Accident Sickness or Unemployment (ASU)

What is payment protection insurance and what does it cover?

Payment protection insurance is designed to help you keep up with payments on your debts if you're unable to work because you're ill, you have an accident or you're made redundant.

The insurance company will pay the monthly repayments (or a percentage of them) on your behalf for a fixed period of time - usually 12 or 24 months - or until you return to work (whichever is earlier).

 

What payment protection insurance doesn't cover?

Usually, it won't cover:

  • the first 90 daysafter you stop working - you need to be able to keep paying for this period yourself
  • pre-existing conditions (illnesses you know about already)
  • people who are retired or self employed

 

Do you need payment protection insurance?

You might want to consider payment protection insurance if:

  • you have a mortgage, a loan or credit card repayments, and
  • you want to make sure you can continue to pay them if you fall ill or are made redundant

If you think you need payment protection insurance you should take extra care. Read through the policy documents and ask for advice. At Constant we are here to help, so please feel free to contact us.

 

Who doesn't need payment protection cover?

You probably don't need payment protection insurance in these situations:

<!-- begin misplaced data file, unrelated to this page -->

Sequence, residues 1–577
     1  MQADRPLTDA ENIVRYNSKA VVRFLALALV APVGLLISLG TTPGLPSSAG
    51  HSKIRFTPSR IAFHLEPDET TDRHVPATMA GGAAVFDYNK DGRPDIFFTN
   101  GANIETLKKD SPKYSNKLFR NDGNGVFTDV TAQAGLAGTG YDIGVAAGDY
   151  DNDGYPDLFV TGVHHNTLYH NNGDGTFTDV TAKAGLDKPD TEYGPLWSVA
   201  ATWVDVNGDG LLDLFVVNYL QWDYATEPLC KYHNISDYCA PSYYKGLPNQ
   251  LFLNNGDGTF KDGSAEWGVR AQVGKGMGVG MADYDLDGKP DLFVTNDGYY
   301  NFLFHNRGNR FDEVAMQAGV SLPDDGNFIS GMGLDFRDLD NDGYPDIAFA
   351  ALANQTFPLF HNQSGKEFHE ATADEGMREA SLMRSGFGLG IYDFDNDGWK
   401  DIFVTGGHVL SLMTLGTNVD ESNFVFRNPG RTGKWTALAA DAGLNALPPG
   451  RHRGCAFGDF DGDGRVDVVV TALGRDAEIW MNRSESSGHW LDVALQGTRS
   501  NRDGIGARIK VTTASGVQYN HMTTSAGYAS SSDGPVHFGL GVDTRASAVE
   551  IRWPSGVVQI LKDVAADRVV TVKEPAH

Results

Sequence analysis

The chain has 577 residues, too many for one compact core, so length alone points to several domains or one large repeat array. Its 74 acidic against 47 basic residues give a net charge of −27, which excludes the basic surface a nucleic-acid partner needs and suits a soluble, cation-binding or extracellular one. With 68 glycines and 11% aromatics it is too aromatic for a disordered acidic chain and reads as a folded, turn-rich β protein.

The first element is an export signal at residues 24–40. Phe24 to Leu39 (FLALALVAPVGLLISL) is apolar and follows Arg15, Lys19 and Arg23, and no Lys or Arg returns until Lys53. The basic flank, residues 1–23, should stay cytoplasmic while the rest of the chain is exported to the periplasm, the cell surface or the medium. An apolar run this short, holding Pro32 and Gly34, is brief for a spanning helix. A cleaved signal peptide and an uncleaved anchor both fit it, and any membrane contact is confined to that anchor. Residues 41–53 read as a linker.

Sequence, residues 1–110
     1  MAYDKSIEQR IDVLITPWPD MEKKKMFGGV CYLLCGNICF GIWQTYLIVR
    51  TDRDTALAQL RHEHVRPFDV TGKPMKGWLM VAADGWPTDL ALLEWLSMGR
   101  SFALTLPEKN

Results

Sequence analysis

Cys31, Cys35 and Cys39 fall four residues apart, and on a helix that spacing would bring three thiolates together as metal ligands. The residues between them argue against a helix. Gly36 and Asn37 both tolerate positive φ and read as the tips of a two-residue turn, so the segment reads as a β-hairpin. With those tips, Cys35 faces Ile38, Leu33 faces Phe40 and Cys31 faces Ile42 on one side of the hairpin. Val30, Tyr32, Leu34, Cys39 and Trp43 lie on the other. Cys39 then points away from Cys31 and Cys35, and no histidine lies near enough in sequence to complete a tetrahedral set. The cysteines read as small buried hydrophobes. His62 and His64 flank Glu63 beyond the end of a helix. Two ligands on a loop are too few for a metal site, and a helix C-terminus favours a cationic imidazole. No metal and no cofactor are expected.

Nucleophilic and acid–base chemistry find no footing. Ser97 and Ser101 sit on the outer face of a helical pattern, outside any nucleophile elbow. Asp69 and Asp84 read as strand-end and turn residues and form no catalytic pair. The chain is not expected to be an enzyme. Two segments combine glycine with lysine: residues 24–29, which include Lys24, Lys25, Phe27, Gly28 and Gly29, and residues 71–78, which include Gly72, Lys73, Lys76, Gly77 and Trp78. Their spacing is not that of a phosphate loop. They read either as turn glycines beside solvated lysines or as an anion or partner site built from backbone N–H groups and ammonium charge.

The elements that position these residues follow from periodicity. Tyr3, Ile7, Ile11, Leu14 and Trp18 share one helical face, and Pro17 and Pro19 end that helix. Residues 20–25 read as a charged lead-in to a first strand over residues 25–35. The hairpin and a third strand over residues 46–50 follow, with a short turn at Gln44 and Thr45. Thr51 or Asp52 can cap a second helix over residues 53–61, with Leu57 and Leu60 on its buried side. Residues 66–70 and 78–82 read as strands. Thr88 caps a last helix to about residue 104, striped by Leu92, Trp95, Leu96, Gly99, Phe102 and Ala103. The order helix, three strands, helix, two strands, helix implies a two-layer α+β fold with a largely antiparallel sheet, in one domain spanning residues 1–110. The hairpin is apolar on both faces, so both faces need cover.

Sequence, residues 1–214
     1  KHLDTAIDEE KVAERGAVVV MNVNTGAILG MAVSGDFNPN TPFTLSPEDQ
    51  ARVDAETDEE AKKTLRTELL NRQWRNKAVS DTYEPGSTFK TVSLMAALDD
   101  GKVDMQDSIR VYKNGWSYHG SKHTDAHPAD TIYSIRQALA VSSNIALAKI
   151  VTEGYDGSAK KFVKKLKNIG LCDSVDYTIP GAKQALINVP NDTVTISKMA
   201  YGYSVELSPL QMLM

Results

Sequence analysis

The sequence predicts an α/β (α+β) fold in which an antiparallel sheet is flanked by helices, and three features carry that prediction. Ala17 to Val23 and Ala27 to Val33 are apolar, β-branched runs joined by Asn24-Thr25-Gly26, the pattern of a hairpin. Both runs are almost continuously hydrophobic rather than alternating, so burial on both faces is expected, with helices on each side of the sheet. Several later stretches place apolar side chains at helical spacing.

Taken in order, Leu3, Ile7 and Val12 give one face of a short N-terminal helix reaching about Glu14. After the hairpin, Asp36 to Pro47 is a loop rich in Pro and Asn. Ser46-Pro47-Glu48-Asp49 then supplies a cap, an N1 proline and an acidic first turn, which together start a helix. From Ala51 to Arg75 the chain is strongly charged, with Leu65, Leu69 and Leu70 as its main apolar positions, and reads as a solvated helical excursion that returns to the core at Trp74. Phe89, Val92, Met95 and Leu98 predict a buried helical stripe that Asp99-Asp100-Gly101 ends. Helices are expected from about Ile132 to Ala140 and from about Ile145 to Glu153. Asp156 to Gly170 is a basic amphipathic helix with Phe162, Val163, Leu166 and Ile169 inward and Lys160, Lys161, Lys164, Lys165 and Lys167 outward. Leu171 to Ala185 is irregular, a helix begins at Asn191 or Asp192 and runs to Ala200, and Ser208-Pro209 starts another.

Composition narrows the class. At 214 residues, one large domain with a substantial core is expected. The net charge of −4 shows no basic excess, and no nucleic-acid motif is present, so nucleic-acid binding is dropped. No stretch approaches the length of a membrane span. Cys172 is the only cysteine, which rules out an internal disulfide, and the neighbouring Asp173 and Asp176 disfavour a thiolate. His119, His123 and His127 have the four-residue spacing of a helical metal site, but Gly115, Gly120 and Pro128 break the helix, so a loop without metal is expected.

• You could get by on your sick pay. You have an employee benefits package which gives you an income for six months or more, so you can keep up your payments.
  • You have enough in savings to keep up with payments.
  • Your budget is very limited.

 

Pros and cons of payment protection insurance

Pros

  • It can ease your money problems if you're made redundant during a recession or period of job uncertainty, when it might take you longer than you would normally expect to get another job.
  • If you have little or no savings and quite a lot of debt, and you need to pay your mortgage (or any other loan secured on your home), then mortgage payment protection insurance can help.

 

Cons

  • PPI policies only cover a specific debt - say, your current credit card bill. If you spend more on another card, the extra debt won't be covered. If you claim, the money will usually go straight to pay off that debt - you can't use it for anything else.
  • Depending on the policy you may have to wait up to 90 days before you can claim - by which time you may have found another job, or you might have got better and gone back to work.
  • You pay every month while your loan, or mortgage payments last - which can be up to 25 years. But if you claim, you only get payments for one or two years at most, depending on your policy.
  • If you're self employed or work on contracts or do any temporary work most standard policies won't cover you.
  • Most policies won't cover you unless you've been employed solidly for the previous 12 months (six months in some cases).
  • Most policies have an exclusion period - if you become unemployed within three to six months of taking out the policy, you won't be able to claim.

 

Is payment protection insurance good value for money?

Premiums vary greatly from insurer to insurer so make sure you seek advice.

 

Payment Protection Insurance is optional. There are other providers of Payment Protection Insurance and other products designed to protect you against loss of income.